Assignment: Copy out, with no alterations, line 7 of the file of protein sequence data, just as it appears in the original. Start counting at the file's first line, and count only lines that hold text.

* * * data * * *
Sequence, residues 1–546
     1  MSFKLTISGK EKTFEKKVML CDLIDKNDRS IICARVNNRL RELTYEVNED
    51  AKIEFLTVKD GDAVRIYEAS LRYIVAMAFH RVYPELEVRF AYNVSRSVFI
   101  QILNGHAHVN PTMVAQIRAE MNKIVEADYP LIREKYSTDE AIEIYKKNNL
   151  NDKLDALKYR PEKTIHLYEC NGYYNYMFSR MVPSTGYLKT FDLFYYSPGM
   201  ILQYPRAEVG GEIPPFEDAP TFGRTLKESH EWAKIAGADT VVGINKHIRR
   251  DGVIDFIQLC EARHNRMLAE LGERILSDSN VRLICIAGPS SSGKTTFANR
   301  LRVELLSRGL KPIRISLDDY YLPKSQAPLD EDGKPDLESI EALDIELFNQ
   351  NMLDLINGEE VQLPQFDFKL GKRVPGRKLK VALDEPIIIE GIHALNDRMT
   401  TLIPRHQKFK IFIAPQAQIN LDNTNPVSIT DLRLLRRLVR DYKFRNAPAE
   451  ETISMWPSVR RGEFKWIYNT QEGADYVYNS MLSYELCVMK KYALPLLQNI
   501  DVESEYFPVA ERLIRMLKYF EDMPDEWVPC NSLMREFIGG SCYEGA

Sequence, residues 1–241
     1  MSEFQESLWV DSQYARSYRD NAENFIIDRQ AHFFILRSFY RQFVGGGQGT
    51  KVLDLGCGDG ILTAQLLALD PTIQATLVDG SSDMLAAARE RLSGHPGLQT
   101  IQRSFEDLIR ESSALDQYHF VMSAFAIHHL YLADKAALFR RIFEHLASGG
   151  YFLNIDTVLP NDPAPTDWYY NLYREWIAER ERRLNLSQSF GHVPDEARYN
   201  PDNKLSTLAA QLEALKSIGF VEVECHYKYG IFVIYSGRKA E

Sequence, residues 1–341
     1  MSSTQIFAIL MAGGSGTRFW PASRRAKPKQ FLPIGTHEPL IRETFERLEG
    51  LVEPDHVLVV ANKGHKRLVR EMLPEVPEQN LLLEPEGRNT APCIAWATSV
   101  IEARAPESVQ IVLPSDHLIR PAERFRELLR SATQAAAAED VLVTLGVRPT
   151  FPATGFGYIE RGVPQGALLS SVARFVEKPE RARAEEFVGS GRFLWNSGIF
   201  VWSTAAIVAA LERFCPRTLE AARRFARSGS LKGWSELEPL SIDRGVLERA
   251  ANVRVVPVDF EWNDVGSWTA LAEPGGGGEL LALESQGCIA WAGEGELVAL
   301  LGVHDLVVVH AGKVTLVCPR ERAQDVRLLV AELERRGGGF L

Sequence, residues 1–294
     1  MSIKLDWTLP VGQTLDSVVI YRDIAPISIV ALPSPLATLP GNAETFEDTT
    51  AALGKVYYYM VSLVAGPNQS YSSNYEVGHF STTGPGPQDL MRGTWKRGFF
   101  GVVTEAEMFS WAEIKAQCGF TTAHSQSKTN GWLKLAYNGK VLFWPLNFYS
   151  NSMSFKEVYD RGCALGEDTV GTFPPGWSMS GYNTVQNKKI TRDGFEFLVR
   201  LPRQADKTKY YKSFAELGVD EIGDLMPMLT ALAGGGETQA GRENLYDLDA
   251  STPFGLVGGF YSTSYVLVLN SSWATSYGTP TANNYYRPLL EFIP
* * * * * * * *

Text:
   251  DGVIDFIQLC EARHNRMLAE LGERILSDSN VRLICIAGPS SSGKTTFANR